The University of Maryland Center of Excellence in Regulatory Science and Innovation (M-CERSI) has been renewed for funding under a cooperative agreement grant from the U.S. Food and Drug Administration (FDA).
A collaborative partnership led by James Polli, PhD, the Shangraw/Noxell Endowed Chair in Industrial Pharmacy and Pharmaceutics at the University of Maryland School of Pharmacy (UMSOP), and William E. Bentley, PhD, the Robert E. Fischell Distinguished Chair of Engineering at the University of Maryland, College Park (UMCP), M-CERSI is one of only four FDA-funded CERSIs in the United States and the only CERSI to receive continuous funding from the FDA since it launched in 2011.
This latest renewal, which allows for up to $5 million per year over five years, will allow M-CERSI to continue its mission to contribute to modernizing and improving the ways in which drugs and medical devices are reviewed and evaluated.
“Partnering with the University of Maryland, College Park and the FDA to launch M-CERSI has been very much like conducting an experiment,” Polli says. “We knew there was a need to help modernize the field of regulatory science, but we had to determine how each university might best leverage its unique expertise and work with the FDA to address that need. Seven years later, the results of our experimentation have exceeded, and continue to surpass, everyone’s expectations.”
M-CERSI brings together researchers from across the University of Maryland, Baltimore (UMB) and UMCP to focus on priorities outlined by the FDA, including improving preclinical assessments of the safety and efficacy of new drugs and devices; ensuring readiness to evaluate innovative and emerging technologies; harnessing diverse data through information sciences to improve health outcomes; and addressing minority health and health disparities. It also serves as an open forum to promote regulatory science exchange.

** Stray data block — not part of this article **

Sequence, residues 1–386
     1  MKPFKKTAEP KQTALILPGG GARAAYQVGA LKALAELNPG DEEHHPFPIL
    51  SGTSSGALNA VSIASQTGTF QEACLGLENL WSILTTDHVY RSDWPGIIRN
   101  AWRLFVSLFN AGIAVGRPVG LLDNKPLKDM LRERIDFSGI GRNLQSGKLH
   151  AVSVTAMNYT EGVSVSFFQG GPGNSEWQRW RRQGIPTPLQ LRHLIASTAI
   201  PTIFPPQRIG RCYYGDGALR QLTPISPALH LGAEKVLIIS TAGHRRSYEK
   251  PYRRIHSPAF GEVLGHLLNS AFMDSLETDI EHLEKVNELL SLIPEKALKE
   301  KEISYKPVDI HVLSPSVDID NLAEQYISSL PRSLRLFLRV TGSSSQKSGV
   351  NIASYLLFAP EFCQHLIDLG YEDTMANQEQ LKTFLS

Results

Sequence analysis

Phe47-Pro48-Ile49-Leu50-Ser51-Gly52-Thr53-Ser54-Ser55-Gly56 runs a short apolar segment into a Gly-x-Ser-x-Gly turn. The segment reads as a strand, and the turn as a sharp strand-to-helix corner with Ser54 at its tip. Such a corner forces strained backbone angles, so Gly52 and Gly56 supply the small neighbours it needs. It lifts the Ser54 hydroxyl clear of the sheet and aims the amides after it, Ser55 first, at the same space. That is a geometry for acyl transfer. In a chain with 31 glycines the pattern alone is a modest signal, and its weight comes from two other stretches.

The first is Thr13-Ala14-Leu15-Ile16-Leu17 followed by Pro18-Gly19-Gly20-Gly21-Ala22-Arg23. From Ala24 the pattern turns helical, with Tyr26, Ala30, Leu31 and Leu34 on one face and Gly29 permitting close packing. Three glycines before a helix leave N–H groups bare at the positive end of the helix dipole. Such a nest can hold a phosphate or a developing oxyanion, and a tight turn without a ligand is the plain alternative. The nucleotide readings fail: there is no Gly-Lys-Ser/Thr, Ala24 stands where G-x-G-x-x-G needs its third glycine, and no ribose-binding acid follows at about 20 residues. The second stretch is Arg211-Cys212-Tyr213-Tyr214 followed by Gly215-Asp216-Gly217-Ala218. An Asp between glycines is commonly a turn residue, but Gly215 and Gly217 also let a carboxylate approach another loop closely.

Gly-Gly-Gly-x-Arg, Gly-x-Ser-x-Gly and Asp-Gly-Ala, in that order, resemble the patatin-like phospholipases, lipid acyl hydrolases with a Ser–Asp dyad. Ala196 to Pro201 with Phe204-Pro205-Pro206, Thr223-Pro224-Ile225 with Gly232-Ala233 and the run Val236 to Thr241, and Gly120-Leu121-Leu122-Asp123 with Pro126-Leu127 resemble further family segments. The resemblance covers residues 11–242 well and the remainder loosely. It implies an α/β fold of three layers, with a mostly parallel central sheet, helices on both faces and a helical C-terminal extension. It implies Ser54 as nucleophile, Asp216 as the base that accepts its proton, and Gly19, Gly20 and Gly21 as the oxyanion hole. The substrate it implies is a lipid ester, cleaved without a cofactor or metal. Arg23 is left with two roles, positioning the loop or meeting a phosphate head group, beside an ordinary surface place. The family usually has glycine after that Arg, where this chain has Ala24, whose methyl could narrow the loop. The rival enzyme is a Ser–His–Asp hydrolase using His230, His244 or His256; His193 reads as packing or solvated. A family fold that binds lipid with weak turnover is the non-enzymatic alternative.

“One area in which M-CERSI has experienced unparalleled success has been in increasing the scientific exposure of researchers at the FDA,” Polli says. “The conferences, workshops, and lectures sponsored by M-CERSI since its launch have been crucial in helping those researchers learn more about the work being conducted by other scientists across academia and industry, as well as better understand how new scientific practices have been adopted by researchers across the country.”
Since its launch, M-CERSI has sponsored more than 40 conferences and workshops on topics related to its priority areas. These events are attended by experts from across academia, regulatory agencies, and the pharmaceutical industry, who share the latest developments in a number of scientific fields, such as big data, medical device evaluation, and patient-centric drug development.
One conference, which highlighted the use of biomarkers in drug development, drew an audience of more than 500 researchers and featured a keynote address by Janet Woodcock, MD, director of the Center for Drug Evaluation and Research at the FDA.